remineralization of 12C and a long residence time due to the sporadic formation of warm and saline
waters.
Overall, carbon burial during the Cretaceous OAEs produced a positive δ 13C shift in global carbon
reservoirs, but this is not particularly large, especially by comparison with the remarkable late Paleocene
carbon maximum. The inter-basin δ13C gradient was unusually large during the Cretaceous supergreenhouse, probably because the North Atlantic was a silled basin filled with unusually old, poorlyexchanging deep water. The super-greenhouse and massive black shale deposition ended when the
Equatorial Atlantic Gateway opened sufficiently to flood the deep North Atlantic with relatively cool
polar waters formed in the Southern Ocean. This explanation is supported by the global decrease in δ 13C,
proposed to reflect the better connection of the former restricted North Atlantic that allows the oxidization
of the organic-rich sediments formed in this basin.
86
M. Bąk, M.A. Kaminski & A. Wa śkowska (eds)
Benthic Foraminifera as Bioindicators of Pollution: What can these Protists tell us? A
Review of the Italian Experience in the Last Three Decades
Fabrizio FRONTALINI and Rodolfo COCCIONI
Dipartimento di Scienze della Terra, della Vita e dell’Ambiente, Università di Urbino, 61029 Urbino, Italy
Half a century has passed since Zalesny (1959) documented for the very first time the effects of pollution
on benthic foraminiferal distribution in Santa Monica Bay, California. Since then, numerous studies have
been carried out from different parts of the world in areas exposed to different kinds of pollution and have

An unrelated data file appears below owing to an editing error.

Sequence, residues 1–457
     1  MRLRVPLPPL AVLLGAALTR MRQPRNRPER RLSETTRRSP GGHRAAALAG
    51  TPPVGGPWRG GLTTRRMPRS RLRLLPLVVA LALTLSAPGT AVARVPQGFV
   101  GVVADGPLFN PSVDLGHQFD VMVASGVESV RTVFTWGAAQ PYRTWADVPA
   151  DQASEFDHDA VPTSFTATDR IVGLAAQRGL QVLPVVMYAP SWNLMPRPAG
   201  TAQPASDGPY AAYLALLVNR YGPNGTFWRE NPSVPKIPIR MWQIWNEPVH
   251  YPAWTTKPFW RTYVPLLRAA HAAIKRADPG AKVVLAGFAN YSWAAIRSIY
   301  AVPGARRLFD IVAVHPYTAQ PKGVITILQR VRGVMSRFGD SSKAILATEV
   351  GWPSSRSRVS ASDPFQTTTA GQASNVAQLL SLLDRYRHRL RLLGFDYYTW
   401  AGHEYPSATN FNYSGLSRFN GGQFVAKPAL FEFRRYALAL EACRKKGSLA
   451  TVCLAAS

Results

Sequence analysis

demonstrated the value of benthic foraminifera in detecting ecosystem contamination. This interest in
benthic foraminifera has partly been driven by government policies and programs aimed at developing
suitable, non-invasive bioindicators of marine environmental quality. The introduction within the Italian
arena is dated back to 1997 when Coccioni investigated the benthic foraminiferal assemblages and trace
element in surface sediments of the Goro lagoon. Since then, the Italian foraminiferal literature has
experienced an exponential growth and the Italian researchers along with their expertise have played a
marked role in the development of new methodologies for foraminiferal monitoring of different
contaminants.
This review provides a synthesis of Italian research onto the emerging field of benthic foraminifera as
pollution bioindicators over the last three decades and reveals that the Italian contribution has, on the
whole, played a considerable part in the advancement of our knowledge of environmental
micropaleontology (Frontalini & Coccioni, in press). In addition, it has been possible to qualitatively
summarize the degree of sensitivity of selected taxa to different sources of pollution (organic vs. chemical
pollution), as well as to confirm that benthic foraminifera are sensitive bioindicators and successful
candidates for inclusion in an integrated pollution-monitoring program. Although our experience and
knowledge have been greatly enhanced in recent decades, this field is still far from being completely
understood or exploited, as is evident from the absence of a protocol. In fact, biomonitoring is based on
comparative studies of the taxa at a particular site and time. However, to make these studies readily
comparable and reliable, the same set of techniques must be used from the initial sampling to the final
treatment of data at least for the same environmental setting. This can only be guaranteed if there is an
agreement among scientists and a flexible protocol(s) is developed. Accordingly, several issues have to be
addressed before foraminiferal-based biomonitoring is introduced in the form of governmental and
international protocols.
References
Coccioni, R., Gabbianelli, G., Gentiloni Silverj, D. et al., 1997. Benthic foraminiferal response to heavy metal
pollution in the Goro Lagoon (Italy). In: First International Conference on Applications of Micropaleontology in
Environmental Sciences, June 15–20, 1997, Tel Aviv, Israel, Abstracts volume, pp. 47–48.